Gown


Gown

A gown (medieval Latin "gunna") is a (usually) loose outer garment from knee- to full-length worn by men and women in Europe from the early Middle Ages to the seventeenth century (and continuing today in certain professions); later, "gown" was applied to any woman's garment consisting of a bodice and attached skirt.

A long, loosely-fitted gown called a Banyan was worn by men in the eighteenth century as an informal coat.

The gowns worn today by academics, judges, and some clergy derive directly from the everyday garments worn by their medieval predecessors, formalized into a uniform in the course of the sixteenth and seventeenth centuries.

Women's dress

In women's fashion, "gown" was used in English for any one-piece garment, but more often through the eighteenth century for an overgarment worn with a petticoat (called in French a "robe"); compare the short gowns or bedgowns of the later eighteenth century.

Before the Victorian period, the word "dress" usually referred to a general overall mode of attire for either men or women (such as in the phrases "Evening Dress", "Morning Dress", "Travelling Dress", "Full Dress" etc.), rather than to any specific garment — and the most-used English word for a woman's skirted garment was "gown" (as in Jane Austen's novels).

By the early twentieth century, both "gown" and "frock" were essentially synonymous with "dress", although "gown" was more often used for a formal or heavy garment and "frock" for a light-weight or informal one.

Only in the last few decades has "gown" lost its general meaning of a woman's garment in the US in favor of "dress". Today the usage is chiefly British except in specialized, formal cases such as ball gown or in historical senses.

See also

* Boubou gown of West Africa
* Skirt
* Dress
* Frock
* Robe
* Banyan (clothing)
* Clothing terminology
* 1550-1600 in fashion
* 1600-1650 in fashion

Types of gowns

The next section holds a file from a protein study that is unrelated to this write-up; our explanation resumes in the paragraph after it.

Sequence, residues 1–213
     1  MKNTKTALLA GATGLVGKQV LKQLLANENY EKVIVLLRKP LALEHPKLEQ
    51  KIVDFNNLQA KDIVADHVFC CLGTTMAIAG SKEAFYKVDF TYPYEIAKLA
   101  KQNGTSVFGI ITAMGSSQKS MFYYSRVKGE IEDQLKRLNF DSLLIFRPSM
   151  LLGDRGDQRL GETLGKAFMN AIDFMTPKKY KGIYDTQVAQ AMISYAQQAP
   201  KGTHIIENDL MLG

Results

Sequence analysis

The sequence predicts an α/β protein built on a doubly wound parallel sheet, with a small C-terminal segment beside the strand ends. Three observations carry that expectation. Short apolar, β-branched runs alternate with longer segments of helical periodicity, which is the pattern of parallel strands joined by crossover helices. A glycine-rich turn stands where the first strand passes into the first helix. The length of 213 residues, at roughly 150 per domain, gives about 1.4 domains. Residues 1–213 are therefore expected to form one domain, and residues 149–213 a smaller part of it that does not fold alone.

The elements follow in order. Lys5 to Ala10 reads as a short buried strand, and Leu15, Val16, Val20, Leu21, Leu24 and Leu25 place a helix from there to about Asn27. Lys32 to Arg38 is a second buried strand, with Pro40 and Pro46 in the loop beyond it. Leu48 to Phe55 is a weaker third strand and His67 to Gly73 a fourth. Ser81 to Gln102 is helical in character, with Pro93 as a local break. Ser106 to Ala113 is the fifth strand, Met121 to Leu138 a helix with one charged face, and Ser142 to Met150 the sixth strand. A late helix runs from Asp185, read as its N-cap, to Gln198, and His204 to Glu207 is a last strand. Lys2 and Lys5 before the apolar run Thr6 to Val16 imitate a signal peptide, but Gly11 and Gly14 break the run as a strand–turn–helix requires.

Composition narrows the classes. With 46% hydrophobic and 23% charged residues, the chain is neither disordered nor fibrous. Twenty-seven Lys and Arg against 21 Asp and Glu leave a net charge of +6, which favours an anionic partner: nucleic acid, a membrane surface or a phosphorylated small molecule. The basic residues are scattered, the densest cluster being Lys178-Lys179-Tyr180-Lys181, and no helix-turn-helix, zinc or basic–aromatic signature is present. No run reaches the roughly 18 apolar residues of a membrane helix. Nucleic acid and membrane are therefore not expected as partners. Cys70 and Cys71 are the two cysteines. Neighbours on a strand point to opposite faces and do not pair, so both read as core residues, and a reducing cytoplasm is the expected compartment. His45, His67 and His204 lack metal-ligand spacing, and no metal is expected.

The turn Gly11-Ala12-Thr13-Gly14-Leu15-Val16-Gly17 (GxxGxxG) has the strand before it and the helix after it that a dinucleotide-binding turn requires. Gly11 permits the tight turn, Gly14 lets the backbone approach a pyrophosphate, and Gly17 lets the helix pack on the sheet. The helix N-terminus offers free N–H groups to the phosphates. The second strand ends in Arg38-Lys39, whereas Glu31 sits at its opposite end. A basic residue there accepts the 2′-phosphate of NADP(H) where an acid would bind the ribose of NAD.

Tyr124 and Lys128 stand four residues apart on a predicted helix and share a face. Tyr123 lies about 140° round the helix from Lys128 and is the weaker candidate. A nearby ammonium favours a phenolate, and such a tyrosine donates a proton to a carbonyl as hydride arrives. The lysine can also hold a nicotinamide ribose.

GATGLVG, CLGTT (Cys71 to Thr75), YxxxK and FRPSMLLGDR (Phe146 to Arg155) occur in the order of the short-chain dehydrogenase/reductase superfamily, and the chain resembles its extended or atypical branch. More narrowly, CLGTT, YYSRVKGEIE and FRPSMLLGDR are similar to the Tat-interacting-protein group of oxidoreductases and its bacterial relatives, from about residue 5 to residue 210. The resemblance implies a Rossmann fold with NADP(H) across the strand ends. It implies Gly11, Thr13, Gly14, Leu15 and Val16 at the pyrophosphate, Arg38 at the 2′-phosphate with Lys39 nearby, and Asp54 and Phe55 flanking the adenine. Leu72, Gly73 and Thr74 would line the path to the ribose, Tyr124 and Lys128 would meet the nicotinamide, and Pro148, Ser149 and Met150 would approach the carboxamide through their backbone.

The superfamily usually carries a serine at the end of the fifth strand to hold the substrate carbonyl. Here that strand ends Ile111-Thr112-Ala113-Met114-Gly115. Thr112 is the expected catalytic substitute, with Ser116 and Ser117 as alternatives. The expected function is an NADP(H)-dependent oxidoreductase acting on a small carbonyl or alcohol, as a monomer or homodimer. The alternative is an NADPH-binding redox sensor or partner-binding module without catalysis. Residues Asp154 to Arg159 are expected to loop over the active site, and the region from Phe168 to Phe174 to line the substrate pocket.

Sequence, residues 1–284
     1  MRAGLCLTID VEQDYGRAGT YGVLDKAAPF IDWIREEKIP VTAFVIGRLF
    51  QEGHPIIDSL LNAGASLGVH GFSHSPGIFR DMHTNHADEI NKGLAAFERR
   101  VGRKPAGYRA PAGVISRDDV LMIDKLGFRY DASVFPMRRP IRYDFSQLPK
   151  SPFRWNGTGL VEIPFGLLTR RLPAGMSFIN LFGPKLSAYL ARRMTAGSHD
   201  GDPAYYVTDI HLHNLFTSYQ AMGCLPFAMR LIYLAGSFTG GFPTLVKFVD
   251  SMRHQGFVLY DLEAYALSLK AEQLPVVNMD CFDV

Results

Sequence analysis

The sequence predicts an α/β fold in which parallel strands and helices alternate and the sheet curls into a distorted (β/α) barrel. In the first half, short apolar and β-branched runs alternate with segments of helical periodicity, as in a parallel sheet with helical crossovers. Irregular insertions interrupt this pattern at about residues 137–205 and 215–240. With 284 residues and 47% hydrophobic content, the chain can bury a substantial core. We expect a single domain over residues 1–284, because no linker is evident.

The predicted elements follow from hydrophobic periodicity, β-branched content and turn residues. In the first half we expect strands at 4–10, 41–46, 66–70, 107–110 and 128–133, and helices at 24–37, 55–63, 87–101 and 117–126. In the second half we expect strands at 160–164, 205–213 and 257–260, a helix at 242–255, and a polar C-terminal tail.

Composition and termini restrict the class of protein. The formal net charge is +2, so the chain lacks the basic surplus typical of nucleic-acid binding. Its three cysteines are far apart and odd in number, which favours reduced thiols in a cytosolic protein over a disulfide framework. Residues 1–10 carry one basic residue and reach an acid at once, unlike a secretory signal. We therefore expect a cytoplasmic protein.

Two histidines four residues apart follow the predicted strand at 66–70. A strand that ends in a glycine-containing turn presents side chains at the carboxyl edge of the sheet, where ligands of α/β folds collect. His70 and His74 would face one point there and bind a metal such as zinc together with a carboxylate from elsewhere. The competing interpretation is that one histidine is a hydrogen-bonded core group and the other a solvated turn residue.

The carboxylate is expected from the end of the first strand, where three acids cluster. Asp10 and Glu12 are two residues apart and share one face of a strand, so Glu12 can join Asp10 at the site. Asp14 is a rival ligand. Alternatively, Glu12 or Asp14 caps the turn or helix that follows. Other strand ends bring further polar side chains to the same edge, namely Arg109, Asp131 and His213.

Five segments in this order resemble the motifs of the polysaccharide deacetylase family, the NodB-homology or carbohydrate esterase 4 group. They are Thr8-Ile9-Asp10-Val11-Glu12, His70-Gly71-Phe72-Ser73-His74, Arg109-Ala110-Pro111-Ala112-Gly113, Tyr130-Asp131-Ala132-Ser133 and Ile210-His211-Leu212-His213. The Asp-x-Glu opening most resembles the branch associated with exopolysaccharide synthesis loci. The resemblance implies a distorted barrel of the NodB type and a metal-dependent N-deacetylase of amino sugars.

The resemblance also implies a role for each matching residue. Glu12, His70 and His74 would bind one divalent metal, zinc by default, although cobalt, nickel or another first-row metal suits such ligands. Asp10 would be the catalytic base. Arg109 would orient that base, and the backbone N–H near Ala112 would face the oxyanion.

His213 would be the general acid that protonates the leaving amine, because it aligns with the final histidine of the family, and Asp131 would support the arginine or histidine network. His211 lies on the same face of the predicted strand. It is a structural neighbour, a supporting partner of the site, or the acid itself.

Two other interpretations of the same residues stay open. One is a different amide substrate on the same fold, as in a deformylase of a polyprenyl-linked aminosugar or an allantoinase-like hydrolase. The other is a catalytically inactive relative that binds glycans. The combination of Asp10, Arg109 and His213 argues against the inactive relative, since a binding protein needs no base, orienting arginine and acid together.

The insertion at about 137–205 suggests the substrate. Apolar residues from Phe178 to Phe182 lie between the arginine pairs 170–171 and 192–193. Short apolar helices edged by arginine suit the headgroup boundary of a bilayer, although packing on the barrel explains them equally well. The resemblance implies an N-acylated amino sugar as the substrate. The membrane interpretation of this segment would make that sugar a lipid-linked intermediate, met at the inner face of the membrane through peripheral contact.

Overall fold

* Academic dress ("cap and gown")
* Ball gown
* Bedgown
* Coronation gown
* Evening gown
* Hospital gown
* Nightgown
*Surgical gown
*Tea gown
*Wedding gown

References

Arnold, Janet: "Patterns of Fashion 2: Englishwomen's Dresses and Their Construction C.1860-1940", Wace 1966, Macmillan 1972. Revised metric edition, Drama Books 1977. ISBN 0-89676-027-8

Ashelford, Jane: "The Art of Dress: Clothing and Society 1500-1914", Abrams, 1996. ISBN 0-8109-6317-5

Black, J. Anderson and Madge Garland: "A History of Fashion", Morrow, 1975. ISBN 0-688-02893-4


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Look at other dictionaries:

  • Gown — Gown, n. [OE. goune, prob. from W. gwn gown, loose robe, akin to Ir. gunn, Gael. g[ u]n; cf. OF. gone, prob. of the same origin.] 1. A loose, flowing upper garment; especially: (a) The ordinary outer dress of a woman; as, a calico or silk gown.… …   The Collaborative International Dictionary of English

  • gown — /gown/, n. 1. a woman s dress or robe, esp. one that is full length. 2. nightgown. 3. dressing gown. 4. See evening gown. 5. a loose, flowing outer garment in any of various forms, worn by a man or woman as distinctive of office, profession, or… …   Universalium

  • gown — [gaun] n [Date: 1300 1400; : Old French; Origin: goune, from Late Latin gunna] 1.) a long dress that a woman wears on formal occasions wedding/evening/ball gown ▪ a white silk wedding gown 2.) a long loose piece of clothing worn for special… …   Dictionary of contemporary English

  • gown — [ gaun ] noun count * 1. ) a special long dress worn by a woman, often for dancing or other special occasions: a ball gown a white wedding gown a ) a long dress worn by a woman in the past: ladies in silk gowns 2. ) a piece of formal clothing… …   Usage of the words and phrases in modern English

  • gown — c.1300, from O.Fr. goune robe, coat, habit, gown, from L.L. gunna leather garment, skin, hide, of unknown origin. Used by St. Boniface (8c.) for a fur garment permitted for old or infirm monks. Klein writes it is probably a word adopted from a… …   Etymology dictionary

  • gown — [goun] n. [ME goune < OFr < LL gunna, loose robe, orig., fur cloak] 1. a long, loose outer garment; specif., a) DRESSING GOWN b) a nightgown, nightshirt, etc. c) a cotton smock worn by a surgeon d) a flowing robe worn as a symbol of office… …   English World dictionary

  • gown — ► NOUN 1) a long dress worn on formal occasions. 2) a protective garment worn in hospital by surgical staff or patients. 3) a loose cloak indicating one s profession or status, worn by a lawyer, teacher, academic, or university student. 4) the… …   English terms dictionary

  • gown — [n] robe, dress clothes, costume, frock, garb, garment, habit; concept 451 …   New thesaurus

  • gown — 01. She looked simply stunning in a classic red strapless evening [gown]. 02. The native chiefs wore their beautiful ceremonial [gowns] at the signing of the historic treaty. 03. The old woman had on a fetching black [gown] and a long string of… …   Grammatical examples in English

  • gown — noun 1 woman s long dress ADJECTIVE ▪ long ▪ floor length ▪ elegant ▪ flowing ▪ She was dressed in a long flowing gown …   Collocations dictionary


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